The unequivocal primacy of the one Mediator, Jesus Christ (cf. 1 Tim 2:5), who alone could reconcile humanity in his divinity and humanity is not undermined by the subordinate and dependent coredemptive role of Mary from which flows her likewise subordinate and dependent role as Mediatrix of the graces of redemption. The rights of these gifts belong to Jesus Christ, and yet these gifts are generously bestowed upon Mary because of her communion and solidarity of suffering with the one Redeemer. Pope St. Pius explains:
Pius X further expands the panoply of Marian titles used by Pope Leo XIII. Going beyond the Marian titles of Mediatrix, Conciliatrix (Conciliatrix), Restorer (Reparatrix), and Dispensatrix of all grace, Pope Pius adds to the Mariological development when he sanctions the use of the word "Coredemptrix" by three Congregations of his Curia: In the Congregation of Rites, we see the decree elevating the Feast of the Seven Sorrows of the Blessed Virgin Mary to the rite of a double of the second class: "Through this decree...may devotion to the merciful Coredemptrix [Conredemptrix] increase."  The Holy Office repeats the title in the following section on Indulgences:
Six months later the Holy Office again employs the use of this term:
We can do more than presume that Pope St. Pius X personally approved their statements. After all, they were published in the official Acta Apostolicae Sedis and were never recanted. As cited above, on one occasion "Coredemptrix" was used by the Congregation of Rites, but twice this title passed the scrutiny of the Holy Office, the very congregation commissioned and entrusted to insure doctrinal integrity. Therefore, we see here the Magisterium's first three endorsements of Mary's title "Coredemptrix" with an indulgenced encouragement to the faithful to recognize her blessed prerogative as "Coredemptrix of the human race."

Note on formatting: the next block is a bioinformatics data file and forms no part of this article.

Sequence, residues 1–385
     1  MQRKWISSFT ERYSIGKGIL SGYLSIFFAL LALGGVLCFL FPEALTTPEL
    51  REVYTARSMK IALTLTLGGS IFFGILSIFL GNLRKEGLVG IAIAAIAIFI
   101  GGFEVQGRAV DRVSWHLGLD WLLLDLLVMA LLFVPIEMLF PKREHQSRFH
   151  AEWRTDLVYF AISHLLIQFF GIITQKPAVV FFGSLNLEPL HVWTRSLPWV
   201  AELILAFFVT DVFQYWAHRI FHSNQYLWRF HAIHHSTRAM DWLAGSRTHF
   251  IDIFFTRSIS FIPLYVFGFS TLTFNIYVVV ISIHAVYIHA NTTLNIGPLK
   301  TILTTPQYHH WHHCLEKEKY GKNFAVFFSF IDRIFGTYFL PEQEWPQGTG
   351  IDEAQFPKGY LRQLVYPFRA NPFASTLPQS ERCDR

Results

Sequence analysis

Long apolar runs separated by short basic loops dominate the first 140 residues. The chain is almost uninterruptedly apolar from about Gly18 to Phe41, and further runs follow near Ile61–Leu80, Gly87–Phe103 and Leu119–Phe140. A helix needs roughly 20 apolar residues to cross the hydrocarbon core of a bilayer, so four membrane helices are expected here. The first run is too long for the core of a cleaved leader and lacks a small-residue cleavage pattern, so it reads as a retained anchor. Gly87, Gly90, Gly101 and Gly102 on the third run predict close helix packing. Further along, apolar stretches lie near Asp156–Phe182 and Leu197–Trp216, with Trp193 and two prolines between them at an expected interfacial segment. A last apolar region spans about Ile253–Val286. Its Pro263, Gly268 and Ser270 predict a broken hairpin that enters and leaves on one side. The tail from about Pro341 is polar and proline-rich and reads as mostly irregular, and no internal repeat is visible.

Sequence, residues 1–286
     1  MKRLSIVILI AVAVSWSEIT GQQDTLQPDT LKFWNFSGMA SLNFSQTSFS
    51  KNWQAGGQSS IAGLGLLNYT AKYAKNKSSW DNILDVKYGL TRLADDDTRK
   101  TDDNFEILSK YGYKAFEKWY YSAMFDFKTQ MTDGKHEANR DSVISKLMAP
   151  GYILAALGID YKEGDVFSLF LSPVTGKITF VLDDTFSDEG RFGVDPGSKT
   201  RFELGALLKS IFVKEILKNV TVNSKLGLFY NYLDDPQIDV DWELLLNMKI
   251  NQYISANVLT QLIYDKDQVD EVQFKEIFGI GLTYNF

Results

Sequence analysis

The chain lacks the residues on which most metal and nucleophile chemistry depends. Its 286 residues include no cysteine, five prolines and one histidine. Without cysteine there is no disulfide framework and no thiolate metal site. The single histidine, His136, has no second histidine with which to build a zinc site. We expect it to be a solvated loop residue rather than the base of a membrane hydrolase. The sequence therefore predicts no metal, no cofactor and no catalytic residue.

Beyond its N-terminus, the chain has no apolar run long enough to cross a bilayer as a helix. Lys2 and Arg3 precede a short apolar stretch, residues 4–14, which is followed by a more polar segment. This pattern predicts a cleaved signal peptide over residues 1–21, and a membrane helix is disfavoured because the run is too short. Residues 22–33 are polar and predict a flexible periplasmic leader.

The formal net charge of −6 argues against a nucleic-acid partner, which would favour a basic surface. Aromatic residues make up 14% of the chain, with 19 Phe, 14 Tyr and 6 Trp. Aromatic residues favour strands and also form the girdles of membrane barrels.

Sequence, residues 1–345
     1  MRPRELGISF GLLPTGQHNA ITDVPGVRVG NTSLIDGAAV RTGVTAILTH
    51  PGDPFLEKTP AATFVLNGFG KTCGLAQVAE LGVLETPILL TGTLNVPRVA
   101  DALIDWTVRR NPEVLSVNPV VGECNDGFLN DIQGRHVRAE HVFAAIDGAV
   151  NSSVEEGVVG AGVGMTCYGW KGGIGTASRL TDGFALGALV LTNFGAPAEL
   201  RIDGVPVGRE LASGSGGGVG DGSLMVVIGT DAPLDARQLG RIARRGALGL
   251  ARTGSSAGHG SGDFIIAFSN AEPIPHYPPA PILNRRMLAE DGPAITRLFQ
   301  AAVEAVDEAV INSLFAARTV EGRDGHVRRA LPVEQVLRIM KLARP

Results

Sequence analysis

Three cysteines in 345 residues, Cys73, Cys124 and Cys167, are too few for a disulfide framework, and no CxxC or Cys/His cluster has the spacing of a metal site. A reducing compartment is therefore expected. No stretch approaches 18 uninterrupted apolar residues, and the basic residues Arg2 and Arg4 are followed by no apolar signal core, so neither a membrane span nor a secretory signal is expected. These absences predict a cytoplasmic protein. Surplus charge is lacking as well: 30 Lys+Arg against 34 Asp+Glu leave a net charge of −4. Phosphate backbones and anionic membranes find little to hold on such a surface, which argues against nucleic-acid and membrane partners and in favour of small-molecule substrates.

Although the papal teachings of Benedict XV (1914-1922) were possibly less conspicuous than his predecessors in the number of titles he attributed to Mary, perhaps he was more conspicuous than they in his comprehension of Mary's office of Coredemptrix. His encyclical Inter sodalicia was unambiguous in describing how Mary cooperated with Christ in his role as Redeemer. In Benedict XV the Magisterium verbalized for the first time what Coredemption meant to Mary personally: "She abdicated her maternal rights":